Warfare is about many things but first and foremost it is about will. It’s not about weapons or technology.
Vietnam, Afghanistan and Iraq should’ve taught us that.
Instead, warfare is about demonstrating to the enemy that you are willing to do anything, to endure anything, to go to any length in order to secure a desired outcome.
Put simply, warfare is a test of resolve.
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This is something our leaders today would be wise to remember.
Following the disaster at Dunkirk in June of 1940, where Allied forces were driven into the sea and expelled from the continent of Europe, Winston Churchill took to the floor of House of Commons and gave a stirring oration. In a steady and unwavering voice he famously laid down the gauntlet by saying,
“We shall defend our island, whatever the cost may be, we shall fight on the beaches, we shall fight on the landing grounds, we shall fight in the fields and in the streets, we shall fight in the hills; we shall never surrender.”
Of course Churchill was rallying the British people following a staggering defeat. After all they needed it. The British Expeditionary Force had been smashed. Citizens across the empire were in shock. And Churchill delivered reassurance for them. He buoyed their spirit, gave them hope and instilled a solid resolve. But more importantly, Winston Churchill sent an unambiguous message to Nazi Germany. In essence he said, ‘We will go to any measure to secure our survival’.
Yesterday, in contrast, John Kerry likewise spoke upon the international stage. What Kerry said, was spoken with the typical parsing of an administration in the age of the internet and a near lethal dose of political correctness. Blithely Kerry spoke,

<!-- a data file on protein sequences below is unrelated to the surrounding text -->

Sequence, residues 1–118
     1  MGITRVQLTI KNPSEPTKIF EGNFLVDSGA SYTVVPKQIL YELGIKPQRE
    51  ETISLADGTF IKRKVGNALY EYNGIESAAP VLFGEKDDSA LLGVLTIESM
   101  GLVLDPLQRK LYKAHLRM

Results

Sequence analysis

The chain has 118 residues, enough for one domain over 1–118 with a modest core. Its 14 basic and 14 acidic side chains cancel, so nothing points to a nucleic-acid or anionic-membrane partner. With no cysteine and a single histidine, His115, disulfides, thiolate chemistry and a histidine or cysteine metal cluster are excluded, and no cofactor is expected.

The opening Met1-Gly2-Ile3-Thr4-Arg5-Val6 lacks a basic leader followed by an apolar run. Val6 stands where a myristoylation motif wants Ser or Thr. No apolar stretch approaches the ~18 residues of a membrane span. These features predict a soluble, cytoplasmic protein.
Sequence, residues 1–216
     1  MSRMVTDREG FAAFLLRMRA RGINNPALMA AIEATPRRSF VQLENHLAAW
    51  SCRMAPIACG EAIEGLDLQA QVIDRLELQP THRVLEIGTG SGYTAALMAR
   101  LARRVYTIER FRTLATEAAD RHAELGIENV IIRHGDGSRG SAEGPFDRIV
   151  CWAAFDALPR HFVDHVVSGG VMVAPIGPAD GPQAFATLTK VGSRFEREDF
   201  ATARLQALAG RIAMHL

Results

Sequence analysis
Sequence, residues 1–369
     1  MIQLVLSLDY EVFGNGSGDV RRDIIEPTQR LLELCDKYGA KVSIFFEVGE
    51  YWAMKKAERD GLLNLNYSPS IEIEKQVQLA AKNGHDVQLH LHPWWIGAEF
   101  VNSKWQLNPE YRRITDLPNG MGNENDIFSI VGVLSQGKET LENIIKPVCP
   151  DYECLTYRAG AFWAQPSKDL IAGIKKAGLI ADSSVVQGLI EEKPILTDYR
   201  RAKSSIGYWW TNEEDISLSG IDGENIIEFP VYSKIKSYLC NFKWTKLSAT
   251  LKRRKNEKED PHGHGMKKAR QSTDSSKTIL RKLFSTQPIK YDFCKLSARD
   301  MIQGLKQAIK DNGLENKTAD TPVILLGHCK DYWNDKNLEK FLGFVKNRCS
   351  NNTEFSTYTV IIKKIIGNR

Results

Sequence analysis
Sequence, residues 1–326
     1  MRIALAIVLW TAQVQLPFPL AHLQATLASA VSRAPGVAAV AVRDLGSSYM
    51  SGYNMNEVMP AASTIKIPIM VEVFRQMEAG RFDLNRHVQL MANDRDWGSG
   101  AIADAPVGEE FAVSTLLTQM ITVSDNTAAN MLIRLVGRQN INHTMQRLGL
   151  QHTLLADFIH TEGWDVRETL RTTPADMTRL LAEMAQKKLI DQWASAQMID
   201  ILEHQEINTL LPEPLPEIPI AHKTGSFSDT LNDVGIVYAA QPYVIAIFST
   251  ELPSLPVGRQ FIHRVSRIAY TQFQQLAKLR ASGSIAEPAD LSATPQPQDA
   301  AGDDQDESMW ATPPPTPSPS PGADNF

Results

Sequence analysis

“…what we have to do is make clear to people that this is – we’re not talking about war. We’re not going to war. We will not have people at risk in that way. We will be able to hold Bashar Assad accountable without engaging in troops on the ground or any other prolonged kind of effort in a very limited, very targeted, very short-term effort that degrades his capacity to deliver chemical weapons without assuming responsibility for Syria’s civil war. That is exactly what we’re talking about doing – unbelievably small, limited kind of effort.”
Anyone see, hear or feel the difference?
About the only thing Kerry’s and Churchill’s comments shared was the fact that they were both given in London.
John Kerry, couriering the message of the administration, stood before the world and declared in no uncertain terms: We just want a mini war – that’s really not even a war! And whatever we do, we don’t want any responsibility. But don’t worry because whatever we do, it’s sure to be an “unbelievably small, limited kind of effort.”
Our enemies across the globe must be laughing themselves silly.
Kerry’s splicing of incoherence reminds one of the sage advice that it’s better to remain silent and be thought a fool than to speak and remove all doubt. Couple the nonsense of Kerry’s statement with the blatant stupidity of the rationale. As if firing missiles and dropping bombs are not acts of war.
But at least our acts will be proportional, they tell us. After all, God forbid we hurt anyone’s feelings.
It should come as no surprise that our credibility is severely damaged because first and foremost we telegraph to the enemy our seriousness or rather the lack thereof. We openly tell them of our intent. We trip over ourselves to lament, “We really don’t want to hurt you.”
Meanwhile our enemies would willingly rape or behead any one of us, and gleefully destroy our civilization using all available means.
Say what you will, but one thing isn’t in dispute. Our enemies understand a basic notion of all warfare. That will, as it relates to warfare, is not only about the will to suffer casualties, but more importantly the will to inflict them on the scale necessary to achieve a desired outcome.
Until the American people come to terms with this unpleasant fact and the greater truth of warfare, we should cease and desist from foreign conflict. To do otherwise is to invite a repetition of the last twelve years. And continue wars indefinitely.
We would be wise instead to remember that World War II only lasted three and a half years because leaders like Winston Churchill had the will to fully prosecute it.